The Late Bloomers’ Guide to Getting an Agent
October 27, 2016 § 6 Comments
I wish I was a 25-year-old wunderkind. I wish I was writing literary fiction, getting short stories in the New Yorker while still at my elite NYC high school. I wish writing was my first career instead of my fourth. I wish I was a protege, a shooting star, a member of a Buzzfeed list.
But I’m not.
I’m sure there’s something very meaningful to write about how life experience has given me more material and perspective and everything happens at the right time blah blah blah, but it doesn’t really take away the sting of not being famous already. Not being anointed, not being someone’s critical darling, not going viral or even being quietly respected among a cadre of independent bookstore owners who shove my book into their shoppers’ hands, “You must read this.”*
What takes away the sting is work. Putting my head down, tapping out words, showing up to the blog, showing up to the page. Showing up for the writers I edit/advise/coach, reminding them it really does take time and their personal timeline is OK, telling them the steps I’m trying to take myself.
Sharon Van Epps has a handle on the steps. Her recent series of blog posts are invaluable to writers at any stage, but especially to those of us who feel like we’re running a little behind on this whole “get-published” game.
In “On Being A Late Bloomer: AKA ‘I Finally Got A Literary Agent”,” Ms. Van Epps shares her long journey, from fiction to memoir, formal classes to private coaching, unsuccessful publisher meeting to successful querying. She gives shout-outs to our first two Brevity Podcast guests, Dani Shapiro and Andre Dubus III, and also details one of the sickest grad-school power plays I’ve ever heard of.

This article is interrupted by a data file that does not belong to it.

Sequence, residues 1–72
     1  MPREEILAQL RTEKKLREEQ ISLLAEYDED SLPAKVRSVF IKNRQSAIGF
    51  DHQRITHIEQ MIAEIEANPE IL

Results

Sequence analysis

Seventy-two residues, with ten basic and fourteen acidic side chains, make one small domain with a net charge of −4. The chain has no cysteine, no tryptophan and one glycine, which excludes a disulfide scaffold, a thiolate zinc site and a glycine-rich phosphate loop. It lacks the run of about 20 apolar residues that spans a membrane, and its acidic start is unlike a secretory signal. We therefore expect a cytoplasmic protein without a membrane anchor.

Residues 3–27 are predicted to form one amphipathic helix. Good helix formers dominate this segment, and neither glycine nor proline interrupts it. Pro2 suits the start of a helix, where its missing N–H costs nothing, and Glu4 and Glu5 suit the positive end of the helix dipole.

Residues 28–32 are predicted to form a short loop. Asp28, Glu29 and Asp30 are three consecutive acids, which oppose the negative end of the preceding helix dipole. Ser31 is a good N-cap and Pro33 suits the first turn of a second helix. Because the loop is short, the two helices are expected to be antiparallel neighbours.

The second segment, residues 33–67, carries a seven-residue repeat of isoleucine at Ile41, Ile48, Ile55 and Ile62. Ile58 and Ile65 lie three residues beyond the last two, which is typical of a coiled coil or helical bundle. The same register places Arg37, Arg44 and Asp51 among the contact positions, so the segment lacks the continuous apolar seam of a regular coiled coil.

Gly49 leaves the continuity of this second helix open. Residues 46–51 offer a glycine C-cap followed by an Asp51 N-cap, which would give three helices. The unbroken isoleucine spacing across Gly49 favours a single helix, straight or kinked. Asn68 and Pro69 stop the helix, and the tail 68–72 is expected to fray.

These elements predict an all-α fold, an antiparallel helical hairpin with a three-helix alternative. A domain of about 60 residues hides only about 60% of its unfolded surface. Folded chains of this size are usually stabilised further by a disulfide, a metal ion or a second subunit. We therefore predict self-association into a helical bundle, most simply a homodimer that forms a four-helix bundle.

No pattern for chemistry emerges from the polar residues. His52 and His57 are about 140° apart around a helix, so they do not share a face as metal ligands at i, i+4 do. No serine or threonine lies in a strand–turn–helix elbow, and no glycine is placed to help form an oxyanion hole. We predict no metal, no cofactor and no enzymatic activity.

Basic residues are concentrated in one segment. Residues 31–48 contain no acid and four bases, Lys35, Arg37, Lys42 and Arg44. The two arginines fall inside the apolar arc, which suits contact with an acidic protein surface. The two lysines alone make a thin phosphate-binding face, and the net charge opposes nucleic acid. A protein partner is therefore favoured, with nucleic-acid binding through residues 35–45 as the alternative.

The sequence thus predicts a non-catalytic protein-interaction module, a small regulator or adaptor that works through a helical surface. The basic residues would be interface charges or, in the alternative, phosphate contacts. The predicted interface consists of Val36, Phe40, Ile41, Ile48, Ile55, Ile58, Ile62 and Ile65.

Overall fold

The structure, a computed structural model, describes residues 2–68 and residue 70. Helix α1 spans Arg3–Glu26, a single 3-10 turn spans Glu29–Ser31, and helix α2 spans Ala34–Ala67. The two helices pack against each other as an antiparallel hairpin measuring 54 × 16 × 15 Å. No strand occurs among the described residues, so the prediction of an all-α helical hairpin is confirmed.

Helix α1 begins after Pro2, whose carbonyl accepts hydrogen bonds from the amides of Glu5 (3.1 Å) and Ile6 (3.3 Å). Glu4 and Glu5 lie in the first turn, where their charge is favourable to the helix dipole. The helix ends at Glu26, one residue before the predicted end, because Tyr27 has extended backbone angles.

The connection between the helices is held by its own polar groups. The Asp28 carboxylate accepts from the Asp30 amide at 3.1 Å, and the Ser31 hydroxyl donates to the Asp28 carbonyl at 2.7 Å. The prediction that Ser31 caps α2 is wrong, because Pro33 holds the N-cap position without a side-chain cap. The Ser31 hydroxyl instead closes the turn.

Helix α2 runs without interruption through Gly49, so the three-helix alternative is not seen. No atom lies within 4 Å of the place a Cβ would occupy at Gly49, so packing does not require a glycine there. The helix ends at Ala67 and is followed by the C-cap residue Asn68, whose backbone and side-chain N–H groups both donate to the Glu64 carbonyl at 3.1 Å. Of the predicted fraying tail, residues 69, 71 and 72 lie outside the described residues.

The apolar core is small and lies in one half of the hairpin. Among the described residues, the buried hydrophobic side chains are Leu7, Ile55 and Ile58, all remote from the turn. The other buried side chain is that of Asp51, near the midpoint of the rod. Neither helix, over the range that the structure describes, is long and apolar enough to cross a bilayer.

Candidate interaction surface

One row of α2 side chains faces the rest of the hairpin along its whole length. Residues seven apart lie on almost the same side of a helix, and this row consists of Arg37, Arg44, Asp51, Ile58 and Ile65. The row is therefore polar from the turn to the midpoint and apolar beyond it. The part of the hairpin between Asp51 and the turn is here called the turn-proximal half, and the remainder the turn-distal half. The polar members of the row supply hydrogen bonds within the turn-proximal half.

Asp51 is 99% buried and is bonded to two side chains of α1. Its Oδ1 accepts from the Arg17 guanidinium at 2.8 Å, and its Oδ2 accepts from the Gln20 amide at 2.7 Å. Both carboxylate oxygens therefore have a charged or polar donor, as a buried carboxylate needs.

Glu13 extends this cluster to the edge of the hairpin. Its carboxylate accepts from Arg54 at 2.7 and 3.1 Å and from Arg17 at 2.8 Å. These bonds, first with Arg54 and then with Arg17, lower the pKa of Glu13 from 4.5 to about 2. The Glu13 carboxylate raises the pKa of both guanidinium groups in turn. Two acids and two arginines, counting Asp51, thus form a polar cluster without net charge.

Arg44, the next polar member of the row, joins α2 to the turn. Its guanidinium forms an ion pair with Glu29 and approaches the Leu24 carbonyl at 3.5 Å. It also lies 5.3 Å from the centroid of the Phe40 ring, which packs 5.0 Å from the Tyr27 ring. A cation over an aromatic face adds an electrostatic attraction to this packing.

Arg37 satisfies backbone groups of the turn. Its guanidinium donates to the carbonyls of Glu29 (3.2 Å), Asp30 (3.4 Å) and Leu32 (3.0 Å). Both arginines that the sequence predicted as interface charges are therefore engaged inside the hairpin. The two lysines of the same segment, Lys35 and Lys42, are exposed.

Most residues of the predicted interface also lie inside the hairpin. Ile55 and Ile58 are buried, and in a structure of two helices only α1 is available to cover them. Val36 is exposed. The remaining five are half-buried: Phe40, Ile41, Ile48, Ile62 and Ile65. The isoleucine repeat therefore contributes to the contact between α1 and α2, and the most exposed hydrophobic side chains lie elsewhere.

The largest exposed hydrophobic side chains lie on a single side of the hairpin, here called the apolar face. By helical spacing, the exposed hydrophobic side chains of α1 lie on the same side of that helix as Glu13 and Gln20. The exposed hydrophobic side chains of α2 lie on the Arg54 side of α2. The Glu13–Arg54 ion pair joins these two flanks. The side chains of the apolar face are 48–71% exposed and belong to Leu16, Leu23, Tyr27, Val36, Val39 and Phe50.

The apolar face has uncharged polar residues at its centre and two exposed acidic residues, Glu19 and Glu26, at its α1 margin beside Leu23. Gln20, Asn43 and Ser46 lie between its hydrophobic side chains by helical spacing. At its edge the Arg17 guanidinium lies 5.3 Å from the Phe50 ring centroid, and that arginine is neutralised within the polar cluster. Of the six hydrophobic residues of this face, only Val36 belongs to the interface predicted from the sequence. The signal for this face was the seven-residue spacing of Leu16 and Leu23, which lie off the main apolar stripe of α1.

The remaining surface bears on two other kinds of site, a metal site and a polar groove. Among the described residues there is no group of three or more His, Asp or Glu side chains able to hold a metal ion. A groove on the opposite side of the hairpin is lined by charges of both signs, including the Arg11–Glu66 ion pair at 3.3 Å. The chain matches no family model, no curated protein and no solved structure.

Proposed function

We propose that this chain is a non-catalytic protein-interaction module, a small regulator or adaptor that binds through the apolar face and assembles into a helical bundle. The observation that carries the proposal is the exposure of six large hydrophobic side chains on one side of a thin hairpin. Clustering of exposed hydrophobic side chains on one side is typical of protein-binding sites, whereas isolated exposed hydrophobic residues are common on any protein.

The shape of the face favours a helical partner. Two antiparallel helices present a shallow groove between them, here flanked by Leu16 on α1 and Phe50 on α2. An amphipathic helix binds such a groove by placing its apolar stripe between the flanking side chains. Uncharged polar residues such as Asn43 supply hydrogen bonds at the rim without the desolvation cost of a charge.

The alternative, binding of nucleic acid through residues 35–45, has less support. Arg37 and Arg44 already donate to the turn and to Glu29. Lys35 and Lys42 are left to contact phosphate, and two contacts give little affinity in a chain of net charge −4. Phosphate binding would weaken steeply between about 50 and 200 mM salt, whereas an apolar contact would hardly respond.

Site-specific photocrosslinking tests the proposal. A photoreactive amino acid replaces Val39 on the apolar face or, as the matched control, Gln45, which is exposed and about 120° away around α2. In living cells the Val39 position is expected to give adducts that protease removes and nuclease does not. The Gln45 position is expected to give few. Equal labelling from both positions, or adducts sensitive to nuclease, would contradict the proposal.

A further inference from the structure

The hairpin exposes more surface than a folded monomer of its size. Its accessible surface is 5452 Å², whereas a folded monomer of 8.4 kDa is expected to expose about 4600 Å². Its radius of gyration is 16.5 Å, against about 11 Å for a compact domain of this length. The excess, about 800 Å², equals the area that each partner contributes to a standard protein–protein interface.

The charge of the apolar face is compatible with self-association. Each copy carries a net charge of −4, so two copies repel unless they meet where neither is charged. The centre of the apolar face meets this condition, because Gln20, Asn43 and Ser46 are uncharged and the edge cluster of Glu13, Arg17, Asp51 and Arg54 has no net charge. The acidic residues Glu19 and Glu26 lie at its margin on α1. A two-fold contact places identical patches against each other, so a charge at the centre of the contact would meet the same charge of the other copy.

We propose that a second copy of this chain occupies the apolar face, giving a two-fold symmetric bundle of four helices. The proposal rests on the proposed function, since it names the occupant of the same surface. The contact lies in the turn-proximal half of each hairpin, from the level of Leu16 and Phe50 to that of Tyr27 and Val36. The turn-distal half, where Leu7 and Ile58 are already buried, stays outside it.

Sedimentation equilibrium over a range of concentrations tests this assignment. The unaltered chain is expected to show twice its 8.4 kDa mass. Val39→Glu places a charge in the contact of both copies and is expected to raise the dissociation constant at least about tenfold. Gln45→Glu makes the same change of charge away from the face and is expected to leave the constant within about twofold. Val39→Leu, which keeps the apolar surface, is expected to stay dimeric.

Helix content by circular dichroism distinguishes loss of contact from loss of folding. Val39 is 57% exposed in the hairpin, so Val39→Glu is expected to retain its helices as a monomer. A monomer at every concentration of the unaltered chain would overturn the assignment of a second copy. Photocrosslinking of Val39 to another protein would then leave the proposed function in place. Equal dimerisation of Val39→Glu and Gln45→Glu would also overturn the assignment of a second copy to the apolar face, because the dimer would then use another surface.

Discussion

In another post, Ms. Van Epps covers the process of making a list of literary agents to query–where to find them, how to judge their quality, ways to end-run the blind query process–and stresses how important it is to make your list gradually over several months so that it’s not totally overwhelming (hear, hear!).
Her two most recent posts cover how to structure and personalize a query letter, including a great tip about linking relevant essays directly from the query email–one of those things I hadn’t yet heard of but is an incredibly smart and useful move!–and the actual rhythm of the query process, with great insights about her logic for timing it the way she did.
If you’re already in the query process, these blog posts can reassure you, you’re doing it correctly, or help you adjust your rhythm. If you’re not there yet, it’s pretty awesome to see another long slow timeline and how it played out to success.
It’s OK to do this getting-published thing slow. And doing it slow is still doing it right.
*If you’re a New Yorker subscriber, the article The Science of the Sleeper is available with better formatting in the New Yorker archives.
Allison K Williams is Brevity’s Social Media Editor and the author of Get Published in Literary Magazines: The Indispensable Guide to Preparing, Submitting and Writing Better.